3 Point Layup: Is It Allowed In Basketball?

If you’ve ever thought about laying up a three-pointer, then you’re a certified basketball addict.

After all, why not combine the easiest shot with the shot that has the most points in one, right?

But is it even legal?

A 3 point layup attempt is allowed in basketball as long as you took off from outside the three-point line and lay the ball up to the basket. However, this shot is rarely attempted since it’s difficult to do.

Since it’s allowed, why exactly is it so difficult to do? Let’s find out.

Can You Do a 3 Point Layup?

A layup is one of the most efficient and highest-percentage shots in basketball. This is why it is also the first thing players try to master as early as possible.

However, with the emergence of the three-point revolution pioneered by Stephen Curry and the Golden State Warriors, the three-point attempt slowly became one of the go-to moves of basketball players of all levels.

But this begs the question, why don’t players merge the efficiency of a layup and the added one point by a three-point shot?

Because it only makes sense that a 3 point layup should be better than its two-point counterpart, right?

First, let’s define a three-point attempt. Technically, any shot attempt from outside the three-point line will be considered a three-point shot.

So looking at this rule, if a player takes off from the three-point line to attempt a layup, even if he lands inside the three-point arc, the shot is still considered a three-point shot.

Therefore, technically a 3-point layup is allowed.

However, while this is theoretically a “good” shot because of the marriage between an efficient layup and a three-point shot, players and coaches beg to differ. Here are some reasons why.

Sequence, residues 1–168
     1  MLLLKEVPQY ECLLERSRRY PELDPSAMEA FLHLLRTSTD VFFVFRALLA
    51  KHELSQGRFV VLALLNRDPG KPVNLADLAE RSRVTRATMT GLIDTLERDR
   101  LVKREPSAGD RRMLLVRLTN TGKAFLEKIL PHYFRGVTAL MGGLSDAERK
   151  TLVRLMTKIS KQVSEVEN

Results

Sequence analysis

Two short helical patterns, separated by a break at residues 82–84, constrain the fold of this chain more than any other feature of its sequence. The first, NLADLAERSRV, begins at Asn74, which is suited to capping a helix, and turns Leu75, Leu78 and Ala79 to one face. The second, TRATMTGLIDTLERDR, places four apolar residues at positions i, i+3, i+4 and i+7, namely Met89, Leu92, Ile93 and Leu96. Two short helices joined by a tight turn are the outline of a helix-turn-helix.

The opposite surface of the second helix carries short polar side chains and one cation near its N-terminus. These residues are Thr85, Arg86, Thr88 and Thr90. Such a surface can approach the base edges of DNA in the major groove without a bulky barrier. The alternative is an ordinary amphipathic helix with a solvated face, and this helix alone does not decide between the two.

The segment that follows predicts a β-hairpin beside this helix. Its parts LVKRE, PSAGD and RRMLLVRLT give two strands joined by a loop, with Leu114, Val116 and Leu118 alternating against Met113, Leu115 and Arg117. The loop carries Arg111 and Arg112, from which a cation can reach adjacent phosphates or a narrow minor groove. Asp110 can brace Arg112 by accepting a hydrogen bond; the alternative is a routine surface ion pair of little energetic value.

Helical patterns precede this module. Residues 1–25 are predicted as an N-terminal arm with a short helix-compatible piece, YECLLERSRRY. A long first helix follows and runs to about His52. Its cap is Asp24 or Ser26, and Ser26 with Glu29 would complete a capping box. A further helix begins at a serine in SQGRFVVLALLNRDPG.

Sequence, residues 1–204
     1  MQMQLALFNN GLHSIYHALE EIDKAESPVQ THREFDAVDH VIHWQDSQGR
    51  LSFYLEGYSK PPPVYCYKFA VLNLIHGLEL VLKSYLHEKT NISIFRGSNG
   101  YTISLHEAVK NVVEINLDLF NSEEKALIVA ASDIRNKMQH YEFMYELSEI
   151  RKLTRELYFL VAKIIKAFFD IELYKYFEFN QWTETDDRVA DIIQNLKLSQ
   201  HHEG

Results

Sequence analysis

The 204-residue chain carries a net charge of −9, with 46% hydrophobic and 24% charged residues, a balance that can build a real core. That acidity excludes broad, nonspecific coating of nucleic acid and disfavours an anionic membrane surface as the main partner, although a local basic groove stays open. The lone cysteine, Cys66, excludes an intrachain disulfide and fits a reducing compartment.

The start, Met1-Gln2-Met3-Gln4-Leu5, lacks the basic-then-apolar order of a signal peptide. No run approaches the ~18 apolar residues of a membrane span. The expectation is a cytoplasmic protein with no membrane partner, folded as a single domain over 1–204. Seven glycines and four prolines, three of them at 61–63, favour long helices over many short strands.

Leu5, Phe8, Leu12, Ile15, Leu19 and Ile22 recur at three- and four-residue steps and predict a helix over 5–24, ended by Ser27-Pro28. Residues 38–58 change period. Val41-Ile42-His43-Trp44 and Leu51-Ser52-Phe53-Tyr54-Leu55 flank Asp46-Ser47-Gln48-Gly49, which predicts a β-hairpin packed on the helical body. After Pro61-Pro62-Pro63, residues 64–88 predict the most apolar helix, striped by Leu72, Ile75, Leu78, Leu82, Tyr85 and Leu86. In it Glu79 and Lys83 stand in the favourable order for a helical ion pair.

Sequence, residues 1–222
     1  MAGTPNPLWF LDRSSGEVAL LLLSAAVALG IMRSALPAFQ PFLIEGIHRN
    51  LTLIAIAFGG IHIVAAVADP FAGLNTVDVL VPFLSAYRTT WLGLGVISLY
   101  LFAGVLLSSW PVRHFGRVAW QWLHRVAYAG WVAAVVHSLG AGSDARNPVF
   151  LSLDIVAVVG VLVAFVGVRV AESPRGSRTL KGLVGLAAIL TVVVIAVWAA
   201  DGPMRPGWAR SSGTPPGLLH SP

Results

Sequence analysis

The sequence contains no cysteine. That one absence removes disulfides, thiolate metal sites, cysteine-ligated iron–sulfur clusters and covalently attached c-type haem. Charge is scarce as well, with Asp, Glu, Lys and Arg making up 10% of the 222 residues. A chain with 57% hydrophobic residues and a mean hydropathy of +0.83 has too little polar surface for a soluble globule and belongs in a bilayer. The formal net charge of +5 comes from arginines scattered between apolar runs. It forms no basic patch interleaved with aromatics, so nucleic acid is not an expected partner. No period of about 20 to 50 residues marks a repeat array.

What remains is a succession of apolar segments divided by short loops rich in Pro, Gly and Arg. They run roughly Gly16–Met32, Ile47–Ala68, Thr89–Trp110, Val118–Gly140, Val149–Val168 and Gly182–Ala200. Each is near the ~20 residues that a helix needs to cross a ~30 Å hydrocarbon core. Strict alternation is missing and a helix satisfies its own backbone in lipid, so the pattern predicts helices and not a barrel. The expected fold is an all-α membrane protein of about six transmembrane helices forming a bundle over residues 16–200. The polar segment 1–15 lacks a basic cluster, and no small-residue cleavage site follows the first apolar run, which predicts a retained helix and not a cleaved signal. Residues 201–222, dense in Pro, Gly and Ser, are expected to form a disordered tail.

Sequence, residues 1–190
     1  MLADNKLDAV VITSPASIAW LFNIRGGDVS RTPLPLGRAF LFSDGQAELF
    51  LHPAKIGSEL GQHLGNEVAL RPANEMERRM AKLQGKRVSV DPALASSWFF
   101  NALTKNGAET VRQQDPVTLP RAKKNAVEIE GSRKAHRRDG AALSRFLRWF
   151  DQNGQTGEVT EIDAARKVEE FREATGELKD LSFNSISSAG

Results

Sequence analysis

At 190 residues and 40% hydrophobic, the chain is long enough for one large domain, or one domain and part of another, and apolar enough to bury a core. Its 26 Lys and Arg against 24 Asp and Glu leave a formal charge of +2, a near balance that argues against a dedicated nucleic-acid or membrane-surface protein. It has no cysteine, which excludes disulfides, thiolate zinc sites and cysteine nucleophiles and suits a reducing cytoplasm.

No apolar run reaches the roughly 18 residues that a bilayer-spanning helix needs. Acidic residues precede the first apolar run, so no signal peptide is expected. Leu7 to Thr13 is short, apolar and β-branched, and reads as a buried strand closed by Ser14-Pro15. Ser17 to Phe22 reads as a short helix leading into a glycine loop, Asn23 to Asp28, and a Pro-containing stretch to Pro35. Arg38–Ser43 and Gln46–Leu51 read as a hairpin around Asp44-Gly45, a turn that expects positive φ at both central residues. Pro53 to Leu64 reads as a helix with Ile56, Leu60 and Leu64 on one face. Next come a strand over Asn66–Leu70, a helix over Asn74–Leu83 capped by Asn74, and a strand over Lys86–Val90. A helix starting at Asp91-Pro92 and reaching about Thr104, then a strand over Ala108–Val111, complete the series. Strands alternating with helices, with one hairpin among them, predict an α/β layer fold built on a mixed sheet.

Reasons Why 3 Point Layups are Rarely Seen in a Basketball Game

Player doing a between the legs layup

1. It is not efficient

A layup is an efficient shot for any player. A three-point shot attempted by a good shooter is also an efficient shot. However, joining these two shots together starts to be inefficient.

Since you are jumping from a long distance of the three-point line, your body control and aim for the rim becomes harder, and the probability of making the shot becomes lower.

Think about the differences between the two shots. A good three-point shot requires setting the player’s feet towards the basket and squaring up. He also needs to bend his knees and use his non-dominant hand as a guide for the ball.

On the other hand, a good layup requires holding the ball in only one hand and jumping from one foot. So, the layup shot and a three-point jump shot are two very different shots.

2. It is not the best shot in any situation

Shot selection is very crucial in basketball. That is why coaches overemphasize the importance of choosing the right shot by the right person in the right situation.

For example, Stephen Curry (the right person) attempting a three-point shot (the right shot) during a defensive mismatch (the right situation) is always a good shot. However, a three-point line layup is hardly the right shot in any situation because a jump shot is still the best way to shoot a three-point shot.